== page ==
November 28, 2011 in News
OR- A Kick Ass Oregon History Review of the D.B. Cooper 40th Anniversary Shindig at the Ariel General Store
Alright, so the past seven or eight days have been something like ya read about. In the last week, I have personally met or spoken with
1) DB Cooper’s Widow
2) DB Cooper’s Daughter, and
3) DB Cooper’s Niece.
All married or related to three DIFFERENT DB Coopers! Needless to say, it has been a crazy fuckin’ week!
Of Course, we started off the week on November 20th, 2011 with www.orhistory.com’s “DB Cooper 40th Anniversary eSpectacular!” at Mississippi Studios. A great review of that Kick Ass Oregon History event was written here.
Geoffrey Gray, author of the book SKYJACK: The Hunt for DB Cooper, held an “official” symposium on the criminal and the caper at the Portland Hilton on November 26th. I presented at the event, and hustled T-shirts, and I won’t get too into this awesome event, but you can see Patrick Oppmann’s great CNN piece here, and you can read great reviews about it here and here. GG put on a damn good DB Cooper show, for sure!
But THEN the REAL party began! A whole grip of us symposium attendees caravanned up to Ariel Washington for the 40th Anniversary Party at the Ariel General Store. This location is roughly where DB Cooper has been hypothesized to have landed on that fateful November 24th evening, and this establishment has been hosting a drunken bash every year since, in the hopes that the hijacker himself might choose to attend the festivities. Included in my posse voyaging to this legendary soiree was DB Cooper (or a guy who sure did look a lot like him), Melissa Lang (orhistory.com’s “assistant and/or art director.” Her choice of hats.) and an “aviation journalist” from Arizona named Bob that caught a ride with us. This commemoration proved to be a Kick Ass event!
And such an event surely could not pass without your intrepid and ribald Resident Historian, Doug Kenck-Crispin being in attendance. Embedded, one might say. Deep Cover. Giving you the straight shit. To document the historical relevance for future Oregon Generations, of course! Oh, and drink a shit ton of Raineers in the parking lot, indeed… All Work, around here at www.orhistory.com…
So let me tell ya – Ariel, Washington is REALLY far away from Multnomah county… and not so distant, geographically.
The area outside the general store was packed with swilling and smoking Cooper devotees as we drove up the dark, foggy two lane road, like something right from a Lovecraft novella. Think Dunwich. We had to park several hundred feet away and walk into the Bud and Coors Light slamming crowd. The bar was even worse: push-your-way-through packed. There aren’t too many places like the Ariel General Store in Bridgetown, so to give you a teeny tiny taste of context – imagine a really small version of the cowboy bar in The Blues Brothers. But with way more DB Cooper shit on the walls… It wasn’t really much of a general store from what I could tell – it just looked like a shit kickin’ tavern. Like something you might find in Wallace, Idaho, but without any fancy whores.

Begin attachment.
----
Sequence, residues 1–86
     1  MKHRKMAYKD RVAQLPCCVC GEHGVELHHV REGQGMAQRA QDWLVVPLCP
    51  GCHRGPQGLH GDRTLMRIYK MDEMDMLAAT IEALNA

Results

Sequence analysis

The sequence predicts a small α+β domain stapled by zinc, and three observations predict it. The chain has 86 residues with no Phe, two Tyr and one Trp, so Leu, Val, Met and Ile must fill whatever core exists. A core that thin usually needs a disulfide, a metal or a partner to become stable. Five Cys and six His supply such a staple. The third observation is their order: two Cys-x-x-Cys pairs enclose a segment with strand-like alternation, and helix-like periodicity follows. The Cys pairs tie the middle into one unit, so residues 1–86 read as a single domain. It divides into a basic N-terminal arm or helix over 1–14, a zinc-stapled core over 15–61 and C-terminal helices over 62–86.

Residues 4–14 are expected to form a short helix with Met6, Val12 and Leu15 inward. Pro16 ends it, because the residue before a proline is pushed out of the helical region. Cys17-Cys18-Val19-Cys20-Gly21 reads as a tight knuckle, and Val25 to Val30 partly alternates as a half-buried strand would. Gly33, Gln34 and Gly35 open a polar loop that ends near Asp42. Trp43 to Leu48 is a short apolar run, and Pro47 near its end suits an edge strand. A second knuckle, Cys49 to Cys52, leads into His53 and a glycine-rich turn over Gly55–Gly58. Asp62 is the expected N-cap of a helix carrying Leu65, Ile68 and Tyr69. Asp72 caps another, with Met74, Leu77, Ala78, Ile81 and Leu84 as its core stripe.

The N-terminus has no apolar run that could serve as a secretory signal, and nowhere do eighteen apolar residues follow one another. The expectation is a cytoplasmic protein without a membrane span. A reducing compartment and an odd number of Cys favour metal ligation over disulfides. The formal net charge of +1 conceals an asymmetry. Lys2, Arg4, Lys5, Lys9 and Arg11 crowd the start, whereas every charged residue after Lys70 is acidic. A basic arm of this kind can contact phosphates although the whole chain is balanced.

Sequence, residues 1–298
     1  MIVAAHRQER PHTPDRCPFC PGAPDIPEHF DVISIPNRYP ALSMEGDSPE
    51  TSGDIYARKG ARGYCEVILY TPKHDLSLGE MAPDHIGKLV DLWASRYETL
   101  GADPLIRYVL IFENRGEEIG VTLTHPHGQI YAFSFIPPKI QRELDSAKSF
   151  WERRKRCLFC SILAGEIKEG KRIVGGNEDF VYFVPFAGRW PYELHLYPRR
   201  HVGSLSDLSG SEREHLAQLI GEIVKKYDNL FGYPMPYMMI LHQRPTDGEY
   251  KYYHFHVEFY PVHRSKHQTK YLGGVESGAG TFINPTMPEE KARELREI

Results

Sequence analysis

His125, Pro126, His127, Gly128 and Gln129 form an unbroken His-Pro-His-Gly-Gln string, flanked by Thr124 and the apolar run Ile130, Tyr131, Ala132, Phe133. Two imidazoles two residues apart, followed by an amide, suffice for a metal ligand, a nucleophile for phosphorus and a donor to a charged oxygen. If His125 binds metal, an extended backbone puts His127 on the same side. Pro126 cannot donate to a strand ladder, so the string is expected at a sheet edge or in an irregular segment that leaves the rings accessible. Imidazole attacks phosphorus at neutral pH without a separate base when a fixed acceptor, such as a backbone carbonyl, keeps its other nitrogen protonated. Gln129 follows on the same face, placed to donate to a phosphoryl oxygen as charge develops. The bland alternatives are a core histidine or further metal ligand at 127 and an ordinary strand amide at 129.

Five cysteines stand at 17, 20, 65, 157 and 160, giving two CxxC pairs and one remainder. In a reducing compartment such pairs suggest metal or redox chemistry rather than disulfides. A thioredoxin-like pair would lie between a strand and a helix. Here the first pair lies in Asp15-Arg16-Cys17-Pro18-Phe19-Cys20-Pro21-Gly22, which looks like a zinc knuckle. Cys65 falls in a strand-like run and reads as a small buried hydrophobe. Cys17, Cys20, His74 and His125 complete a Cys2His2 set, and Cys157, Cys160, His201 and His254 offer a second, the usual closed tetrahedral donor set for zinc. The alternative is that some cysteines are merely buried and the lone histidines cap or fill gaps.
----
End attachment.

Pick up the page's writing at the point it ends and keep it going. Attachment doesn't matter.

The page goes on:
There were, however, EIGHT DB Coopers for the look-alike contest, and ORHistory.com’s DB Cooper, Chad Torrey, was one of the finalists in the contest, we are certainly proud to report. Fuckin’ A, Man! But there was also a flight crew (pilots and stewardesses) of Northwest Airlines Flight 305, meticulous to the T right down to their emergency procedures passenger cards in their pink crew bags with the NW logo emblazoned. It’s all in the details, Sugar…
Along one wall of the bar was a collection, nay, almost a shrine of pages upon pages of yellowed Cooper newspaper articles. A few other related items were there such as Brian Ingram’s card, the iconic sunglassed-Cooper emblazoned on the face of it. Oh yeah – and dead deer heads, too. Lots and lots of dead deer heads.
Above the natural stained wood bar bar were pinned hundreds upon hundreds of business cards, one said to be DB’s own card that he himself left at the 25th anniversary bash fifteen years earlier (and no fuckin’ way am I revealing the name on the card here). In all of the chaos of this bustling, busy bar I couldn’t keep my mind off the cards and kept taking quick rifling trips through the layered mass to see if I could find this fabled, mysterious marker to the real culprit… maybe…